Chemical Synthesis


Ruthenium-Based Metathesis Catalysts


Olefin metathesis is now a well-entrenched synthetic technique, and is a powerful method for the clean construction of innumerable classes of chemical architectures. The broadly accepted belief that this key method transformed the landscape of synthetic chemistry ultimately led to the awarding of the 2005 Nobel Prize in Chemistry to the pioneers in olefin metathesis: Yves Chauvin, Robert H. Grubbs, and Richard R. Schrock. Late-transition metal alkylidene complexes, specifically ruthenium alkylidenes, have propelled this synthetic methodology in to the forefront of carbon–carbon bond forming techniques in large part because of the functional group tolerance of these catalysts, and their ability to be handled without the use of glove box or Schlenk techniques. As shown below, ruthenium alkylidenes participate in a host of reaction paradigms, all under the umbrella of olefin metathesis.1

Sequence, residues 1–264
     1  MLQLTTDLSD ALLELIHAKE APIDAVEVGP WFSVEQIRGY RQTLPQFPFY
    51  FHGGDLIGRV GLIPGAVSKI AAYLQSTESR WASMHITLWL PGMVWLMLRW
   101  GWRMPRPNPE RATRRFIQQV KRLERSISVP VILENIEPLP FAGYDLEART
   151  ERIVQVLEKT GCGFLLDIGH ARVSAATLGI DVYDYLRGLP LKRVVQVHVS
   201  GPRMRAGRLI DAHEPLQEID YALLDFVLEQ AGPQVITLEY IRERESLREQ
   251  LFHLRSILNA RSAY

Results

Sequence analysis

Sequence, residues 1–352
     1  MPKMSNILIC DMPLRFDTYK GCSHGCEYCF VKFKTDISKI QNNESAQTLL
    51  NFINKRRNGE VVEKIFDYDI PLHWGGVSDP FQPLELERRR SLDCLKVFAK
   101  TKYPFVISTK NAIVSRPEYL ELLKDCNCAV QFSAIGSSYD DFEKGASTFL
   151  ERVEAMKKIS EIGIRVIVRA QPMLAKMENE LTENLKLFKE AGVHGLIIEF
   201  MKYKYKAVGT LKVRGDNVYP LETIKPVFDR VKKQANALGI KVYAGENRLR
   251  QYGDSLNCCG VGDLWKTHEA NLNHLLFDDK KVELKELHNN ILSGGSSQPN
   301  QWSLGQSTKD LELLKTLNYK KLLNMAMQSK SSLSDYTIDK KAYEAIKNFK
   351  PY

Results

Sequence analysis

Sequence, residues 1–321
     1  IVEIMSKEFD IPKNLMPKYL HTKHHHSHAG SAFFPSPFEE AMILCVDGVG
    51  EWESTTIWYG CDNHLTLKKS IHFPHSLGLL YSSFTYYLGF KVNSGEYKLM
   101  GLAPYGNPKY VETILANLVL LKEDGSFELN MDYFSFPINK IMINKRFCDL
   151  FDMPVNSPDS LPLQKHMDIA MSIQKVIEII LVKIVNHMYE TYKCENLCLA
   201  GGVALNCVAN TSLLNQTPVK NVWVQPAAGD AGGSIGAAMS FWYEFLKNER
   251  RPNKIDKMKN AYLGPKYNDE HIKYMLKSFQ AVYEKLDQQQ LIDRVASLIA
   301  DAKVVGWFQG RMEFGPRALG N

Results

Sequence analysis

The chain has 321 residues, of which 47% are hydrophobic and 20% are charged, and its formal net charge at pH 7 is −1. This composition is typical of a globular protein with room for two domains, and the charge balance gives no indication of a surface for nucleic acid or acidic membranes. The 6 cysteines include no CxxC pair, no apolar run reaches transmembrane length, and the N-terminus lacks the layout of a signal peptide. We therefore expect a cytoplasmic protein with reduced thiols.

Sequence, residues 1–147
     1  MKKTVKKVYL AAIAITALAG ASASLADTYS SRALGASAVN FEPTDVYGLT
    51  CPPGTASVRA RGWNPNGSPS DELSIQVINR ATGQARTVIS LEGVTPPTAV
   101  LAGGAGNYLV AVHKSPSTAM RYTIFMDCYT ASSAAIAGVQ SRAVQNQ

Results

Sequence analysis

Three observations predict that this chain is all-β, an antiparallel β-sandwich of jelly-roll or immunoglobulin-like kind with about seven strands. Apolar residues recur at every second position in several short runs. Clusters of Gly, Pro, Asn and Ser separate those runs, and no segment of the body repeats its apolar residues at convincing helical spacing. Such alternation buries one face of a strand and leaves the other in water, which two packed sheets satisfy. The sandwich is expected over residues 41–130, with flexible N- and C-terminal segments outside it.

A majority of the successful examples in the above reaction classes were achieved using the stalwarts of Ru-based olefin metathesis: the Grubbs Catayst® 1st and 2nd generations, or the Hoveyda–Grubbs analogs thereof.